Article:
Millennium Post

Look to Moscow for the big leaps

If all goes well, India and Russia will shortly ink the Free Trade Agreement (FTA) between India & the Customs Union of Belarus, Kazakhstan & Russian Federation. The coming visit of Russian President Vladimir Putin to India next month is supposed to impart a new dimension to the bilateral ties between India and Russian Federation and speedy finalization of the FTA between the two countries, will be one of the major tasks in the summit. The bilateral trade between the two countries crossed to $12 billion in early months of 2013 and by 2015, it is expected to touch $20 billion.

Given the historic – somewhat nostalgic too – experience of friendship between the two countries, the signing of FTA is a normal culmination of five decades of economic cooperation. This began during the premiership of Nikita Khruschev who, as the general secretary of the Communist Party of Soviet Union took a decisive role in the implementation of peaceful co-existence of two systems – the socialist countries led by the erstwhile Soviet Union and capitalist world under the leadership of the USA.

The political foundation for Soviet-Indian economic collaboration  was laid by Joseph Stalin in 1952 when the Soviet supremo reacted positively to the Indian Prime Minister Jawaharlal Nehru’s appeal to Stalin and the US Secretary of State Dean Acheson for taking initiatives in ending the Korean War. This expression of reliance towards Indian foreign policy was stated more assertively by Georgy Malenkov, general secretary of the Communist Party of Soviet Union at the 19th Congress of CPSU) in 1952 in the report of the party’s central committee. In presence of Stalin, he praised India’s policy of non-alignment.

All this is history. But it is basic to realize why Indians in general prefer Russia to the US in bilateral economic and technological ties as also collaborations. Indo-Russian camaraderie germinated during that last fifty years in sync with the solidification of non-aligned foreign policy. There is a covert yearning for the continuity of the bilateral relations with several unique features. There is a positive perspective for a free trade treaty which is not likely to be short-lived act or process. Indian business leaders are gaga about the beginning of free trade era in the Indo-Russian economic sphere. Little wonder. a few years back at the 18th International Economic Forum in St. Petersburg, Indian businessman Sun Group CEO Shiv Vikram Khemka stated with conviction that a collaborative future for Russia, China, and India might open up.

President Putin too has reasons to turn cooperation with India into an all-sided phenomenon, from the Russian side. Two years ago at the Fourth East Asia Conference on Slavic and Eurasian Studies , organized in Kolkata by the Maulana Abul Kalam Azad Institute of Asian Studies, Kolkata in collaboration with the International Council for Central and East European Studies (ICCEES) , Japanese Council for the Russian and East European Studies (JCREES), Chinese Association of Slavic Studies (CAEERCA), Korean Association for Slavic Studies (KASS), and Ministry of External Affairs, Government of India.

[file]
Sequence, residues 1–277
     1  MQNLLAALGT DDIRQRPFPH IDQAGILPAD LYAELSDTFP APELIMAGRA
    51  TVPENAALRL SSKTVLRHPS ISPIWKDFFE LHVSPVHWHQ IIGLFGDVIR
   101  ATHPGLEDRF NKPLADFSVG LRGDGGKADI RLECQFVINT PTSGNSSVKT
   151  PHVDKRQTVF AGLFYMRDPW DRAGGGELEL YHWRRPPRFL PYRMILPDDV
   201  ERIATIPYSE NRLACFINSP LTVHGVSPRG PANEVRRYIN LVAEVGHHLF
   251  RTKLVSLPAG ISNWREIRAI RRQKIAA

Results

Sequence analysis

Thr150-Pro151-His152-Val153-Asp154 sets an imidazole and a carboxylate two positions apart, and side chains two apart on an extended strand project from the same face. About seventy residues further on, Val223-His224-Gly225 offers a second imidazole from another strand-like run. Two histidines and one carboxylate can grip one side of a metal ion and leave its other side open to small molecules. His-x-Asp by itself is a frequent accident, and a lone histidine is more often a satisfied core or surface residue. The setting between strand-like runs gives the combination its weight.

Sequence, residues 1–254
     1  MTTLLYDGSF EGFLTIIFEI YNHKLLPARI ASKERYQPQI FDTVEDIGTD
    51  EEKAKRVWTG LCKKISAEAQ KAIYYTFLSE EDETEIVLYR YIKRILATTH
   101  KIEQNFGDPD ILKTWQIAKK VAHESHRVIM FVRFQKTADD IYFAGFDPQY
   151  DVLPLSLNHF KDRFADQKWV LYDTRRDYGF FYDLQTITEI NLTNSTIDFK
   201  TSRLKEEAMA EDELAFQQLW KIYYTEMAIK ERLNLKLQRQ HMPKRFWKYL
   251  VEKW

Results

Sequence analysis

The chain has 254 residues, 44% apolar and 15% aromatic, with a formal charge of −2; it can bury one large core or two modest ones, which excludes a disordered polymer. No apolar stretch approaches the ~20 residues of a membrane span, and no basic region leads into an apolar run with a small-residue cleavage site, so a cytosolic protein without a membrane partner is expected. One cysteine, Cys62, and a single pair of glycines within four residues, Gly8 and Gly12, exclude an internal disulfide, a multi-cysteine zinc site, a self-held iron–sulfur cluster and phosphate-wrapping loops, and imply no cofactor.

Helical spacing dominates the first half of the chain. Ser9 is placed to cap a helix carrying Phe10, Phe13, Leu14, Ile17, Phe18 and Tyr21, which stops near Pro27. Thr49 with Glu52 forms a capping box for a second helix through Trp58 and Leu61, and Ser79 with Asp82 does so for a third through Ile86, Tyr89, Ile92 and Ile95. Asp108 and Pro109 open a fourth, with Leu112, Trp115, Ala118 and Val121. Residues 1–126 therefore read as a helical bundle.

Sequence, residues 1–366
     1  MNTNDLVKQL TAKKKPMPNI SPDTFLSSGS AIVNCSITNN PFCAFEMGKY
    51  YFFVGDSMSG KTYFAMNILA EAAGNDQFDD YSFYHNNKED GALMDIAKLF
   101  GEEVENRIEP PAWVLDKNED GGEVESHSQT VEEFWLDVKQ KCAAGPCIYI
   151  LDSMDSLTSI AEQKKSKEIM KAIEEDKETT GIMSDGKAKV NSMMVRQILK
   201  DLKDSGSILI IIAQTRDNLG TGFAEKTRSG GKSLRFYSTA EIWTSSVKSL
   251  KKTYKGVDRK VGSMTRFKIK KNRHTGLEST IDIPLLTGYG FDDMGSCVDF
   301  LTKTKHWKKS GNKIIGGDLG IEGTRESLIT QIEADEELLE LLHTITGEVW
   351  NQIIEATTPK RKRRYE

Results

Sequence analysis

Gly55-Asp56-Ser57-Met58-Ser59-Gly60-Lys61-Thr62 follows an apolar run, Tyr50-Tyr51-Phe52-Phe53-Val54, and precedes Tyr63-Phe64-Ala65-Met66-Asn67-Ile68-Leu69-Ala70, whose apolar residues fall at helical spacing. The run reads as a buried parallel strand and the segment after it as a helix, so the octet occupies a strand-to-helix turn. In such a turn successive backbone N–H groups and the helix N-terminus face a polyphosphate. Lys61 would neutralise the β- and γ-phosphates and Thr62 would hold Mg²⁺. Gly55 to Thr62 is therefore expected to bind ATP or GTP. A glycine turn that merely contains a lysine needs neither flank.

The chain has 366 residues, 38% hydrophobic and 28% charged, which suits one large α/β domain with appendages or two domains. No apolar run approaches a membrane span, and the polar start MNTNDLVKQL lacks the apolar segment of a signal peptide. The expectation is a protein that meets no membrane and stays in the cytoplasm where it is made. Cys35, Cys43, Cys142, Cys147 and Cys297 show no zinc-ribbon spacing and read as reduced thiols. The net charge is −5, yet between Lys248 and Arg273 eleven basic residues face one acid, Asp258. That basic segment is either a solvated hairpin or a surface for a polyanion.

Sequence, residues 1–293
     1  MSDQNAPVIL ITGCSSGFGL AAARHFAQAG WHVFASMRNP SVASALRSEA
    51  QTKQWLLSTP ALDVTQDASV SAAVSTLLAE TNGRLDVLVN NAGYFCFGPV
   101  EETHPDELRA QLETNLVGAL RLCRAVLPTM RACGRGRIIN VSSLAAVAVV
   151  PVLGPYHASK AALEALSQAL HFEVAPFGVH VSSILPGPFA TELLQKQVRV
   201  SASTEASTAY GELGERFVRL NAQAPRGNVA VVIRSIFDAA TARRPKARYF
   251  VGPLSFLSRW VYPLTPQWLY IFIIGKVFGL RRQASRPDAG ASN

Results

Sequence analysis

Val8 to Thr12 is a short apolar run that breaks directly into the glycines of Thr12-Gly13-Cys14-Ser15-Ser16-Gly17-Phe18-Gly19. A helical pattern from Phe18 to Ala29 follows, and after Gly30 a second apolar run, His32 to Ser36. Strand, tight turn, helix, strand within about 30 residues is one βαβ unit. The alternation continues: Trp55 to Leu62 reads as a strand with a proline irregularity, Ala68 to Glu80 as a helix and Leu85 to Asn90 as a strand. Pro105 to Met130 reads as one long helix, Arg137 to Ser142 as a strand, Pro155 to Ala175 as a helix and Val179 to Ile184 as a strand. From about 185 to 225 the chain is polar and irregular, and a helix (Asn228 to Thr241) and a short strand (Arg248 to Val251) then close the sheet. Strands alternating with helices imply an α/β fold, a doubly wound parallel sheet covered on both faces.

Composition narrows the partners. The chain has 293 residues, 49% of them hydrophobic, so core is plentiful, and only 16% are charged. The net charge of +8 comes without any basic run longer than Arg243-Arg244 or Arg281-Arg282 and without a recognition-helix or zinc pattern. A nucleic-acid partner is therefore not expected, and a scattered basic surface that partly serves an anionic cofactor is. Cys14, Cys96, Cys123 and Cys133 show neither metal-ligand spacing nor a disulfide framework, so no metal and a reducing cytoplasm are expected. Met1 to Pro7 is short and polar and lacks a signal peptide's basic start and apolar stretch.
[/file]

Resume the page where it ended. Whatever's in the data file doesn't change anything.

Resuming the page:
Prof R G Gidadhubli, a world renowned scholar in Russian studies and formerly professor and ex-director, Center for Central Eurasian Studies, University of Mumbai, spoke of the Russian head of state’s compulsion for beefing up trade collaborations with India...  He said it is mutually advantageous to have a large economic unit open at a global level including the West. It projects the prospect ‘for providing a larger market and better economic space as an alternative to EU. ‘ In view of Putin’s broader agenda to forming the Eurasian integration program like that of the former Soviet Union, the establishment of Eurasian Economic Union (EEU) which may serve as an antidote to the increasing Chinese penetration in the East, North and Central Asia and Russia’s dependence on China.

Although the EEU is still in an embryonic state, even conceptually and it is no easy to implement it. Defining of the prerogative space of EEU, fixation of regional currency and sources of authority, uniform adherence of international laws, Dr Gidadhubli noted. Nonetheless, there is a panic among traditional capitalist powers in the West. This is reflected in the unnerved state of mind in world’s topmost fund manager controversy-loving George Soros.

In an article in the New York Review of Books, captioned, ‘Wake up Europe’, he backs German Chancellor Angela Merkel’s suggestion for sanctions against Russia on the alibi of Russia’s aggressive policy towards Ukraine. Soros is implicitly afraid of Russian entry into emerging countries like India.
‘It is high time for the members of the European Union to wake up and behave as countries indirectly at war. They are better off helping Ukraine to defend itself than having to fight for themselves. One way or another, the internal contradiction between being at war and remaining committed to fiscal austerity has to be eliminated. Where there is a will, there is a way’, he stated unequivocally.’

But Putin is for cordial relations with China in his crucial currency war to rid Russia of ‘dollar domination.’ In fact, Russia looks forward to quitting ‘dollar dictatorship’ of market oil prices and turn to using the country’s national currency and the Chinese Yuan. ‘We are leaving the dictatorship of the market where oil goods are based on the dollar and will increase the possibilities of using [other] national currencies: the Ruble and the Yuan,’ Putin stated in an interview to the Russian state news agency TASS.

Moscow has extended an olive branch to New Delhi. How New Deli reciprocates is to be awaited. The milieu is distinctively positive to imparting a special momentum to the shaping of FTA between India and Russia. IPA

Next Story
Share it